The skyrocketing cost of living — including housing expenses — and the stagnant growth in wages have pushed many Australians to take on more than one job, according to a recent study by the Australian Bureau of Statistics.
In FY 2016-17, 25% of Australians aged under 30 had multiple jobs. This is almost twice the percentage in FY 2012-2012. These data are based on over 100 million tax records that were filed in six consecutive years.
The study showed that over half of people who held multiple jobs were female (53.7%) and that people who live in capital cities are more likely than others to hold multiple jobs.
According to Sarah Kaine, a professor at University of Technology Business School, this number could be higher if contractors are considered.
Keep in mind that gig economy work is independent contracting, which is a different type of employment. So it may be an even worse statistic – it might be that one in four have multiple jobs as we currently define them and then there might be a whole lot more who are also gigging contractors on the side as well,” she told Business Insider Australia.
One of the major reasons for the current trend is the slow growth in wages.
Kaine stated that this is forcing people to think hard about how they can make ends meet. One option is to take on multiple jobs.
According to a separate report by The Sydney Morning Herald, average wage growths slowed down to 2.7% in quarter one of the year.
Sally McManus, Secretary Australia Council of Trade Unions, stated that the growth in non-standard work forms has led to a “crisis of unsecure work.”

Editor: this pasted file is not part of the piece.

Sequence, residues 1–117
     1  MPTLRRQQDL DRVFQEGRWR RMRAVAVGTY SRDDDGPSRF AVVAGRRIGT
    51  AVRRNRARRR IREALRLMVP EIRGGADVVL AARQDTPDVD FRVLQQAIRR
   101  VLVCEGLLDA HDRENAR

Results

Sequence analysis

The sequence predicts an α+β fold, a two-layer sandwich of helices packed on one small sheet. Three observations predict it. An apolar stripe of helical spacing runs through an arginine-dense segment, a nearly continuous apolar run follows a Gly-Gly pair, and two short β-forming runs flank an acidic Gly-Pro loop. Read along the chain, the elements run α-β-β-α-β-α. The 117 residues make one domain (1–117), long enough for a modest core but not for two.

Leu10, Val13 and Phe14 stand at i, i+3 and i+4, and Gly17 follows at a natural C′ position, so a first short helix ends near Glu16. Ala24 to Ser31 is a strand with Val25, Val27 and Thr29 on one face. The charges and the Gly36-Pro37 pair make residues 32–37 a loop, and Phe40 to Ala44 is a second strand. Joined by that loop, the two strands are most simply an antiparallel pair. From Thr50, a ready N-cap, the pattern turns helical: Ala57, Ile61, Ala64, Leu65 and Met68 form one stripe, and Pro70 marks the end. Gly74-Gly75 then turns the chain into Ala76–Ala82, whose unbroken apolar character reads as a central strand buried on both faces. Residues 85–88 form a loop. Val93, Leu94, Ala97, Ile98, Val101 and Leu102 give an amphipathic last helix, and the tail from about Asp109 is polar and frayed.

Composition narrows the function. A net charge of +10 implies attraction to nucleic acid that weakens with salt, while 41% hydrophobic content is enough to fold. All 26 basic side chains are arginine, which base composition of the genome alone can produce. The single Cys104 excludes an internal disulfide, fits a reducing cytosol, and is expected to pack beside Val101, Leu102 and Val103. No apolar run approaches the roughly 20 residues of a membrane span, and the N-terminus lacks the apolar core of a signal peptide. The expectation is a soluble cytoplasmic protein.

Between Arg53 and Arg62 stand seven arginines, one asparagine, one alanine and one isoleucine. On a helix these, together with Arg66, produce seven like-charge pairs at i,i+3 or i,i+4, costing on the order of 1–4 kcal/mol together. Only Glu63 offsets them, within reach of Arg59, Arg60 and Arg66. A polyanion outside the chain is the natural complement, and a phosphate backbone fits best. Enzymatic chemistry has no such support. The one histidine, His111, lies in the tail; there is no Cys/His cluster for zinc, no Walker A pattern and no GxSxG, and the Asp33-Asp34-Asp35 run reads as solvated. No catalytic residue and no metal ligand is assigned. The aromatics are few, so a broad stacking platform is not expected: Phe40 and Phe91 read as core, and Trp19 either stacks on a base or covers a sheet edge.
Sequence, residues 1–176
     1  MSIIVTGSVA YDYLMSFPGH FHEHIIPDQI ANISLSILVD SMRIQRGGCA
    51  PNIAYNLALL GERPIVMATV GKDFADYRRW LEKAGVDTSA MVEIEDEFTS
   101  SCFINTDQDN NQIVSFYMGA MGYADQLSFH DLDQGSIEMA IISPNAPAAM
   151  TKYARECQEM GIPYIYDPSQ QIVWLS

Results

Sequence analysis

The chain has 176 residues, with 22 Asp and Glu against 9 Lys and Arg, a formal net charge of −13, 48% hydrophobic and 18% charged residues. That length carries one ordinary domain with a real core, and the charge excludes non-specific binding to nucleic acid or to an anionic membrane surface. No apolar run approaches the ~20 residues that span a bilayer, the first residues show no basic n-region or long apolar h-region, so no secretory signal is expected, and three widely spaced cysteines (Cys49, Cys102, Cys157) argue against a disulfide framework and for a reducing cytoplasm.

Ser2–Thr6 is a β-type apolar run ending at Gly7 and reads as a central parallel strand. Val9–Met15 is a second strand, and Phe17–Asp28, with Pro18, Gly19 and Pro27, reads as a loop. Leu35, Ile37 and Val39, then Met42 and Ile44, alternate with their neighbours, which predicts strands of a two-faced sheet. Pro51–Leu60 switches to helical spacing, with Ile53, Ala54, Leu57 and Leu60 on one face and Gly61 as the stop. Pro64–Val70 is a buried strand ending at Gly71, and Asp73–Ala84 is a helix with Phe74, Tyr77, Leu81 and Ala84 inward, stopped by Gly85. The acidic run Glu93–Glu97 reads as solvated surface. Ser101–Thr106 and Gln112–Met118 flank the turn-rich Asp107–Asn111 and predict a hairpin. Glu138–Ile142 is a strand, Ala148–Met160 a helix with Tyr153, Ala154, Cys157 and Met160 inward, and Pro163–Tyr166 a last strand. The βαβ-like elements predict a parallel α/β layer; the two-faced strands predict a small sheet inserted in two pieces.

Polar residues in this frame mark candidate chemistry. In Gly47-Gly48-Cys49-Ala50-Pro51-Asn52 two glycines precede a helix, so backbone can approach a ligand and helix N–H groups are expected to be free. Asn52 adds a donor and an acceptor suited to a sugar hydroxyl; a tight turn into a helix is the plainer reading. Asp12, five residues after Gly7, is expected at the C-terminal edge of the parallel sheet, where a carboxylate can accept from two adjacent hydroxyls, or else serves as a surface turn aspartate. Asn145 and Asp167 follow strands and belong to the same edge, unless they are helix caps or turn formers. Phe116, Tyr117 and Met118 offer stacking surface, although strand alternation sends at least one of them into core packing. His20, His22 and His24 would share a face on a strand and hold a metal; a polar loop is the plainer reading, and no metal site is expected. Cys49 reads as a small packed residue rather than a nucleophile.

According to The Herald, “The fact that there are more jobs than people earn on average shows that people who have to work multiple jobs are desperate in need.”
Scott Morrison, Prime Minister of Canada, stated in a speech that the government was working to support workers via tax policies.
He said, “We have supported tax cuts and tax relief for all Australians working, so they can keep more money.”
Recent research by Bankwest Curtin Economics Centre has shown that housing stress is a growing problem, especially among renters.
For instance, rents in Western Australia remain high despite the state’s softening housing market — about 20% of renters allocating more than 40% of their income on housing costs.
About half of the low-income single parents living in Western Australia rent, and they spend more than 30% each week on their housing expenses.
“In the early 1990s, when politicians were still young, it took six years to save 20% for an average home. It takes ten years today,” stated Sam Langford, a Junkee.com industry watcher.